We can therefore make several observations about the process of "globalization" as measured by international telephone traffic:
For each year, we have created a matrix which simultaneously represents all of the contact (and the direction thereof) between each country and every other. Thus, the ijth entry in any year’s matrix represents the volume of telephone contact from country i to country j; the jith entry would record the reciprocal contact. Each individual matrix represents a particular year, and the matrices are stacked on top of one another (providing a three dimensional matrix) to analyze the data over time.
Several points need to be clarified. First, our data may suffer from the distortion brought about through "call-back" systems that allow for calls to be channeled through countries with the lowest rates. Thus a Peruvian might use a U.S. call back system to call Venezuela -- such a call would register as a contact between Peru and the U.S. (direction would depend on the type of call back system used) and one from U.S. to Venezuela. We do not believe, however, that these constitute a major distortion. We have also been unable to ascertain the possible effect of cellular communications and how these may be accounted for in the data. Depending on the years and the country pairs, there was a significant amount of missing information. Given the sensitivity of network data to this problem we decided to extrapolate or interpolate data for missing years. When possible we interpolated assuming a linear progression between the two years for which we had data. In the absence of adequate starting or end points with which to obtain a trend line, we used the global mean of growth in telephone traffic.
We also faced the difficult situation of the changing composition of the global state system. This was particularly troublesome for post-1989. Our default definition for all years was based on the countries existing in 1995. If a country did not exist in a previous year contacts to and from it were input as 0. In the case of the USSR, we have it listed as the only participant from 1983 to 1992. Then, beginning in 1993, USSR receives and sends 0 calls and we listed its component states. In the case of Yugoslavia, we retain that entry despite its changing composition (so by 1995 it only includes calls to and from Montenegro-Serbia). Other components of ex-Yugoslavia are added as we have data and listed as having no phone contact prior to their creation. (This is important to keep in mind when we look at aggregate data on countries with no contacts in different years.) Because of reporting problems, Czechoslovakia includes only data from the Czech Republic after 1992.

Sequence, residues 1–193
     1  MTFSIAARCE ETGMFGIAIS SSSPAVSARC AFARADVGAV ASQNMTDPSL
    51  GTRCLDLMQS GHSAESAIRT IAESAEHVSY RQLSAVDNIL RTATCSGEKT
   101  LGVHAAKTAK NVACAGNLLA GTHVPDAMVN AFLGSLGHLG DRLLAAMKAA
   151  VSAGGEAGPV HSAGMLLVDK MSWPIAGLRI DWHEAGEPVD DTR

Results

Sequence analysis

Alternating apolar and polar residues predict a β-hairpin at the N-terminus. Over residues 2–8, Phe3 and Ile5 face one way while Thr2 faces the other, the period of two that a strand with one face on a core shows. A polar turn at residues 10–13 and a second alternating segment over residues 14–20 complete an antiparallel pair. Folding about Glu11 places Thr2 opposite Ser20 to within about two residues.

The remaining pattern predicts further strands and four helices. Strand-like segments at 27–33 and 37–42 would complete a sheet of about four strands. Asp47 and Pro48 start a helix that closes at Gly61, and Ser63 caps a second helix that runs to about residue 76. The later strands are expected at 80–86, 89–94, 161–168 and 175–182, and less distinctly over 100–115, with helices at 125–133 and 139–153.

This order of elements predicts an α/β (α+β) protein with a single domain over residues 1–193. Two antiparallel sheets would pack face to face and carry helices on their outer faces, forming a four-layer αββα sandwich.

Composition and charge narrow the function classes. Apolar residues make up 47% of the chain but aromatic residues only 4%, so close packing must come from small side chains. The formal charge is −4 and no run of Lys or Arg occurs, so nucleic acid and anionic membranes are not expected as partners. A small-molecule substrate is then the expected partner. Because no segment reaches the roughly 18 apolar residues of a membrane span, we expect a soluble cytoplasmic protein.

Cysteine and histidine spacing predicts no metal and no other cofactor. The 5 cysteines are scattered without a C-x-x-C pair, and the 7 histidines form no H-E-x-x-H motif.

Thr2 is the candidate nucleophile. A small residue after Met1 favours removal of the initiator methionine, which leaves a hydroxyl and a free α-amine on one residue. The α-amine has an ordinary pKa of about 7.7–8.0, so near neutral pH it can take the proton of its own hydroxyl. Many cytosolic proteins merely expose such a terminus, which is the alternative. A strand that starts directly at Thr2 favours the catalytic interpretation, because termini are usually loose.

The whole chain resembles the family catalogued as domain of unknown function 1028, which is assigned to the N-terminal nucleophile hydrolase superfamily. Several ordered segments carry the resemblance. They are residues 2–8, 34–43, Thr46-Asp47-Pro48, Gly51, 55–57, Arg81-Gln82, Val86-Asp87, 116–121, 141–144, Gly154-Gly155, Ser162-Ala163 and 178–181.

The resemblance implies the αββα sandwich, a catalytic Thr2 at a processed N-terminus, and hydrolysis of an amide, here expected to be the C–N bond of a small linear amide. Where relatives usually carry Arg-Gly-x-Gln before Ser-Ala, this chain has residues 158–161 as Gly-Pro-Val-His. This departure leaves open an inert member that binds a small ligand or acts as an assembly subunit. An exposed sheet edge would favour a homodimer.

A major concern involves the unit of analysis. As it stands, we are inferring attributes of actions made by individuals to countries. The real network we are describing is one between 5 billion individuals, not 200 countries. But, given the modes of reporting telephone data, there is no way to avoid the artificial categorization by nation states. The important question must be the extent to which the individuals who dominate the network enjoy their privileged position because of their ascribed characteristic of citizenship. In the case of the United States, we would argue that the answer is yes. What we cannot address, obviously, is the fact that only certain members of each of these societies are making the phone calls and that beneath the global stratification that we find lies an equally great domestic division.
Of equal concern is that in using network analysis we have treated the countries as equivalent units. While not so relevant in our discussion of volume, such an assumed equivalence may be problematic for cliques. In these cases, however, the difference in volume (a function of size and development) would help to ameliorate this shortcoming. Conversely, the differences in size and development level may also overwhelm indications of strength of ties. In the analysis that follows we report two different sets of data. The first, to which we most often refer, is the absolute number of minutes of telephone traffic between any pair of countries or country-groups. The second is a standardized measure through which we sought to reduce the effects of size and development level. For the latter, we divided each data cell by the product of the number of phones in each of the countries in the dyad in any particular year. This measure thus represents the amount of contact given the total potential number of telephone links between two countries.
The main network procedures useful
for analyzing this type of data are centrality and clique analysis and
structural equivalence. Centrality and clique-based measures examine
contact between countries. Centrality can measure the country most phoned,
controlling for all calls made by other countries, and the country which
phones the most (again with appropriate controls). Clique analysis is
because it allows us to separate regions of the matrix (groups of
which have more relative contact with each other than with other
Cliques are formed, for this sort of data, by determining an acceptable
minimum level of phone calls that act as a cut-off point for determining
if there exists a strong, a weak, or no connection between the countries.
Combinations of clique and centrality measures allow us to determine local
or regional centrality. We can also define partial cliques and those
that serve as bridges between different cliques or regions. Structural
equivalence methods maximize the similarity of in and out ties of any two
countries, whether or not they have ties to one another. If countries A
and B make calls to countries C and D, but not to country E, then they
are structurally equivalent. We would expect that structurally equivalent
countries should play similar roles in international